Tuesday, September 05, 2006


Athena was down all day while I was at work. Everything was working fine last night. The upgrade had gone as planned. Just to be sure there wouldn't be any surprises along the road, and to make sure I was using the latest compiles of everything, I decided to reboot before I went to work. I logged in, su'd, typed "shutdown -r now" and then went off and brushed my teeth and got dressed. When I came back, the login screen had come up. I switched over to tty1 to see if any of the services had screamed at me: none had, so I switched back, logged in, opened up firefox, and typed "http://localhost/" into the address bar. My (boring) directory listing page came up, indicating that Apache was running a-okay, and so I turned off the projector and headed to work. When I got there and tried to log in, however, I got no response from athena.

I tried accessing it through a web browser: nothing. Both ssh and apache weren't responding, so I figured either the whole box had gone down (i.e., kernel panic) or there was some sort of connection issue: perhaps the router wasn't port forwarding, but there was no way I could tell until after work, so I logged on to blogger and saved the post I'd put up directing people to download some files off of athena as a draft (so it would disappear), and went on with my work. When I got home, athena was running just fine, but when I tried to pull up external web sites, I got nothing: so it was a connection issue.

It wasn't the router: my laptop was doing fine, and the port forwarding was still set up. I looked at my init scripts and their accompanying config files: nothing seemed amiss. I restarted the ethernet interfaces and, viola, my network connections were restored: everything worked perfectly. That still didn't satisfy me: I didn't want athena to always start up without a net connection, so I rebooted her again, and the same thing happened. Then I remembered something I had read somewhere (probably the weekly newsletter) about the init scripts changing with the 2006.1 profiles. There was probably a dependency issue somewhere that was messing me up because my ethernet connections were loading too soon, but I had to have parallel startup because of my local DNS cache software.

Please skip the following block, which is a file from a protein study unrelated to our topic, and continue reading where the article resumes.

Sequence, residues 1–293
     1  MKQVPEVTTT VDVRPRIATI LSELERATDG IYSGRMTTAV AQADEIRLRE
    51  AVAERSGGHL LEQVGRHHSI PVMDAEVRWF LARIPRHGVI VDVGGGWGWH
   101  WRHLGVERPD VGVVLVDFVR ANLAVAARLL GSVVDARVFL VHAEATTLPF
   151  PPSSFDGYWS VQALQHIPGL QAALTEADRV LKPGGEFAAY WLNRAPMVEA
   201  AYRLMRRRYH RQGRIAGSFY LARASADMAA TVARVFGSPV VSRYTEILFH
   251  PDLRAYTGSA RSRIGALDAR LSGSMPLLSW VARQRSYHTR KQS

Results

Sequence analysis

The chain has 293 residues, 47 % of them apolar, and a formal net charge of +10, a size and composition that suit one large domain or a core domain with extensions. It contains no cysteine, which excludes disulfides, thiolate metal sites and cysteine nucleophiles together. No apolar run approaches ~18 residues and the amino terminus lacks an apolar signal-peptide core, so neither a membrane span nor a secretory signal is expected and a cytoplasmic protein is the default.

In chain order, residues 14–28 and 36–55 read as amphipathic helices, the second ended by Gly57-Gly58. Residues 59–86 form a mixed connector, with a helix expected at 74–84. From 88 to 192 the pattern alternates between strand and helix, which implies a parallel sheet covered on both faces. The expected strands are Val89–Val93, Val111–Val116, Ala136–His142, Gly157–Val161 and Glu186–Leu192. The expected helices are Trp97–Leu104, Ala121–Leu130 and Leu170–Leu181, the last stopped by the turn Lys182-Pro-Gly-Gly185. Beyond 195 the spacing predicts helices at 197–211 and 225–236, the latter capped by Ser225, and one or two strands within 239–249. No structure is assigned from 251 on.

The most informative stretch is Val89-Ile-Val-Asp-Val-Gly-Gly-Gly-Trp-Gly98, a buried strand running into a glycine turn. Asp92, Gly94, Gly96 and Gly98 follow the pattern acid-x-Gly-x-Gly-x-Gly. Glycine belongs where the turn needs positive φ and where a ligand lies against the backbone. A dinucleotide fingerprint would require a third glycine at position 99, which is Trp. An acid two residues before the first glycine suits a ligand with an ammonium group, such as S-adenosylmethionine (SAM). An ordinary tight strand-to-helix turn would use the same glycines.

I decided to look deeper into the issue, and so I pulled up the wiki page for dnscache, and searched the text for "parallel." Nothing. That was odd. I'm absolutely positive that this was the page that told me that I needed to set RC_PARALLEL_STARTUP="yes" in /etc/conf.d/rc. Could it be that the requirements (and the page) had changed? "Parallel" was one of my search terms to find the wiki page, so I went back to my Google tab and opened the cached version of the page: lo and behold, there it was, so someone had very recently changed the page to delete that instruction. I fired up vi, and changed the value to "no" and rebooted. Worked like a charm, only charms don't actually work, whereas this did. So, it wasn't gcc, and it wasn't my config files getting overwritten, it was some change they had incorporated into the new 2006.1 profile.

From the newsletter:
Some highlights from the release include the AMD64, HPPA, x86, PowerPC, and 64-bit PowerPC with a 32-bit userland releases being built with version 4.1 of the GNU Compiler Collection (GCC). AMD64, PowerPC, and x86 also feature version 2.4 of the GNU C library (glibc), while all architectures use baselayout 1.12.1, which features many improved startup scripts.
Improved. Indeed. Well, at least they warned me.

Friday, September 01, 2006

Athena: emerge -eav world

First I updated gcc to 4.1.1 (from 3.4.6), then I rebuilt the system software (emerge -eav system), and now I'm rebuilding all of the software on the box using the new compiler and rebuilt tools. I started the big emerge last night, and currently, Athena is chugging away at 429 of 1223 total packages.

I don't expect that this will cause down-time to any of the services running. In fact, I'm counting on Apache (the webserver software) to be up and running without interruption throughout the whole process, and afterward. I finished typing up the notes to a talk I gave, and I'm planning on hosting the PDF, as well as linking to an mp3 of a related talk that my dad gave earlier that I'm already hosting.

Also, this weekend I'm going to a Bible conference (Hicks Lake) and I suspect that I'll have some photos to put up on the web when I get back. I don't imagine I'll have too much trouble, because all of my software was up to date before I started, so I'm not getting any new versions of anything that might cause compatibility or upgrade configuration issues.